Being a full-time Ph.D student, I also have a full time work that gives me unique opportunities for intellectual reflection and stimulation on how to become an enthralling leader. Recently, I came across a statement where I thought it could be worth sharing to many other middle managers like me.
“What’s in it for me?” A self-serving statement or a statement to reassess the sense of purpose?
Managing change is tough, but part of the problem is that in trying to initiate a change, many ‘leaders’ (or some called bosses) make common statements: “It is not easy to get people to work together as selfish peole are everywhere”; or “The management would like to change, but first, are the people ready for the change”; or “People should first put the big picture (Company’s goal) in mind, rather than prioritizing their own agenda.” To these leaders, they perceive their change idea is completely logical even if by sloganeering with an executive fiat. Trouble is, when the millenials ask “What’s in it for me?”, this question makes a lot of leaders cringe, or – worse yet – a question is often seen as a selfish, self-serving query.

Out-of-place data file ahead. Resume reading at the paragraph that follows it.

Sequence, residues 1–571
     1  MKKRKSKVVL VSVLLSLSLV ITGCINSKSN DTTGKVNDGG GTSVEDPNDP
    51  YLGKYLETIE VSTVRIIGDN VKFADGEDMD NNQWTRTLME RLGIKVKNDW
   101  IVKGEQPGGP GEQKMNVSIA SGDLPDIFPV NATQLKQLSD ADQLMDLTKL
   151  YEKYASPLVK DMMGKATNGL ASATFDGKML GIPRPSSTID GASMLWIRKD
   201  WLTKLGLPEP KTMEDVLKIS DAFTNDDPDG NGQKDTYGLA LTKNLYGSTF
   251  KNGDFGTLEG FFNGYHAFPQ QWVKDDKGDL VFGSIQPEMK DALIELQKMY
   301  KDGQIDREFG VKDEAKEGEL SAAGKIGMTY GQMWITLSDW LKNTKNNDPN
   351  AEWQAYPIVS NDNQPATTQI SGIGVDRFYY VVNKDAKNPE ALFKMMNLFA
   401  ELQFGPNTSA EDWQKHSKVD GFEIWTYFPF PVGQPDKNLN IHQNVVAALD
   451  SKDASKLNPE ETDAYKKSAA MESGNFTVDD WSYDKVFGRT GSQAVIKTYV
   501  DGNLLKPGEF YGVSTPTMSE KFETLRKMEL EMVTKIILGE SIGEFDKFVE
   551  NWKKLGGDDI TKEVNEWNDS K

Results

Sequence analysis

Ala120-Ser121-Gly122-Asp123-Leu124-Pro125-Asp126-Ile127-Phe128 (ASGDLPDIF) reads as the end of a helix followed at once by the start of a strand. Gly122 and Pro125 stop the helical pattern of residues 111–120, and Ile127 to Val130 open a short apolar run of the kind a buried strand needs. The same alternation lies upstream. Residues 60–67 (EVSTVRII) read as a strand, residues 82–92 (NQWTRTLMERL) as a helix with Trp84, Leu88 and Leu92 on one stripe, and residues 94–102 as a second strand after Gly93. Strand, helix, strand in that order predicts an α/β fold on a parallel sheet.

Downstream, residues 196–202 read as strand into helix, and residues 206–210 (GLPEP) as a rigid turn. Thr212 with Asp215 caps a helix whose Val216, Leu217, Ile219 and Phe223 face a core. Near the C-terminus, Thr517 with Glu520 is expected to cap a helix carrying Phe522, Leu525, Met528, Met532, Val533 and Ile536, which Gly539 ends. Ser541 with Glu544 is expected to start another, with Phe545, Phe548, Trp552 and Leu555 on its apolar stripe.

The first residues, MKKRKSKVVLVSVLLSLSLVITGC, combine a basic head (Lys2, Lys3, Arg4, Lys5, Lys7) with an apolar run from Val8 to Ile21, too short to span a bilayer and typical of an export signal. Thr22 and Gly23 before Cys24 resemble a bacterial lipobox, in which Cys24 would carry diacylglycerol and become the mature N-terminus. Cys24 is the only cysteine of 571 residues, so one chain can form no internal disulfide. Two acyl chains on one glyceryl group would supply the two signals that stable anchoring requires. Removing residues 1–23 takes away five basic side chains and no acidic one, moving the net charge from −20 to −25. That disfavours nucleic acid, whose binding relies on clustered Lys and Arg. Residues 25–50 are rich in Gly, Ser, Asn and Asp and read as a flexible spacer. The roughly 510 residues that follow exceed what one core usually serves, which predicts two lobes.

But think about this for a moment. When we make decision be it in career, study or personal life, isn’t every starting point of any decision making process involves YOU, has to be you. Because let’s get this straight – if it’s not for you, then for who and for what? How can one possibly make a conscious choice and decision, if you do not even know your WHY for doing. The fact is, when this question was raised to the management, this is not out of disrespect. This is in fact a question from many millenials who seek for more information simply because they don’t want to be given work just to keep them occupied. They want to be sure their work matters in the larger scheme of things while knowing they are making a difference than their predecessors do.
So, if you being the upper management hear this question the next time, perhaps learn to embrace that gone are the days of viewing “What’s in it for me” as a selfish or self-serving statement. Because to millenials, this question is raised simply to suggest their positive attitude by assessing the sense of purpose for doing (no longer about cuz’ you’re paid to do so). More importantly, it is a display of how they value the openess of communication with a leader like you.
“Note to self: Knowing why you do and what you do fuels the sense of purpose to constant evolvement.”